Since 1982, Gerald Alessandrini has been on a mission: to send-up Broadway musicals. His weapon of choice is the brilliantly satiric, expertly rendered Forbidden Broadway franchise, which has spawned 25 editions.
The latest, Forbidden Broadway Comes Out Swinging! at the jewel-box Davenport Theater, is an embarrassment of riches.
This is what entertainment is all about.
Each season, Alessandrini has mocked Broadway shows, or as his talented quartet croons: "lyrics perverted to put producers through hell." This round, with a mostly new lineup, he takes aim, with his singular panache, at Rocky, Bridges of Madison County, Aladdin, Les Mis, Cabaret and Pippin, among other targets.
If Broadway was as uniformly engaging and smart as Forbidden Broadway, there would be far happier theatergoers.
Part of the secret of his success is that he turns a gimlet eye on The Great White Way, coupled with a serious understanding of theatrical smarts. No one -- actors, writers, directors or producers -- escapes his scrutiny. This is a skilled satirist who knows and loves the art form. And, like any devotee, he cannot tolerate any assault on its legendary perfection.
Which is why Disney, "the grand wizard of formulaic," is zinged for Aladdin's campier aspects, much as Les Mis is gleefully hammered for being "reborn as revolution porn." From Rocky's incoherence to Cabaret's "revival of a revival of a revival" to Bullets Over Broadway's refusal to hire a composer, the current FB doesn't pull its punches.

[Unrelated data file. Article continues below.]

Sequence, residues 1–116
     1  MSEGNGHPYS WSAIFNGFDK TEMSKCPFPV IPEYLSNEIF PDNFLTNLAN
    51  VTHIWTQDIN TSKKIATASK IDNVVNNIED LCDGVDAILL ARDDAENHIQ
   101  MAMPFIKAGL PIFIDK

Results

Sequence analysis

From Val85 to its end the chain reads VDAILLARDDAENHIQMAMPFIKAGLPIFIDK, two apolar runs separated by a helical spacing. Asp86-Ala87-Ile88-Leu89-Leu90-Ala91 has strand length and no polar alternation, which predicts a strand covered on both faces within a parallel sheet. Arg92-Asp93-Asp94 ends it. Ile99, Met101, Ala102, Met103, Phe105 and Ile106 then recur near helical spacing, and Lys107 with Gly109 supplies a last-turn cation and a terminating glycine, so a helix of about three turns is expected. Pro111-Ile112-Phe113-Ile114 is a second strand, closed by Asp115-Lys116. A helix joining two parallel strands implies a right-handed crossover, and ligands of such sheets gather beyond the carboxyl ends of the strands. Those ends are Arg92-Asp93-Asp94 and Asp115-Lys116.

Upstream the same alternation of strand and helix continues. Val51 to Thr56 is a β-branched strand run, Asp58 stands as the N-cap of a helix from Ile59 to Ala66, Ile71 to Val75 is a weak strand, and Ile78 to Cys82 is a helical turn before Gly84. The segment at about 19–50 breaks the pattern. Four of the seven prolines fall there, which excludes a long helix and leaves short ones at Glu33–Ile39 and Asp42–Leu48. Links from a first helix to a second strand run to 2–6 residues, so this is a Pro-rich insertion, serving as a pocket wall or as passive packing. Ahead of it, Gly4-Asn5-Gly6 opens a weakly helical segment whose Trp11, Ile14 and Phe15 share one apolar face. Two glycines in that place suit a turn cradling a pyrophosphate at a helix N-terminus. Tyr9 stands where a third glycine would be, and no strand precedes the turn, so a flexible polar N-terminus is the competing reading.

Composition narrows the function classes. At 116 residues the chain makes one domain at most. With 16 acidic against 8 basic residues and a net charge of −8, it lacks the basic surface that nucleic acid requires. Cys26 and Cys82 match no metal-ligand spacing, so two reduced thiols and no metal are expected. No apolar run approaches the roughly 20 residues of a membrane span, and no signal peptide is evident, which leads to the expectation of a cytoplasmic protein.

That's part of Alessandrini's charm: He tears into sacred cows and popular shows with cynical comic abandon. Who else would have director Matthew Warchus, in the guise of Miss Trunchbull, call the kids of Matilda and Billy Elliot "vermin with Equity cards."
Of course, parody only works when it hits a bulls-eye. Award Forbidden Broadway Comes Out Swinging! a gold medal. It's hysterically funny and savvy at the same time. The trick is to find the crazy miscues in any musical, then transform it into over-the-top fare. It takes a master to craft that fine line between farce and cruelty, and Alessandrini walks that tightrope like Philippe Petit.
He's aided by an excellent ensemble: Scott Richard Foster, Carter Calvert, Marcus Stevens and Mia Gentile. They can sing, dance and act -- oft times better than those they spoof.
Photo: Carol Rosegg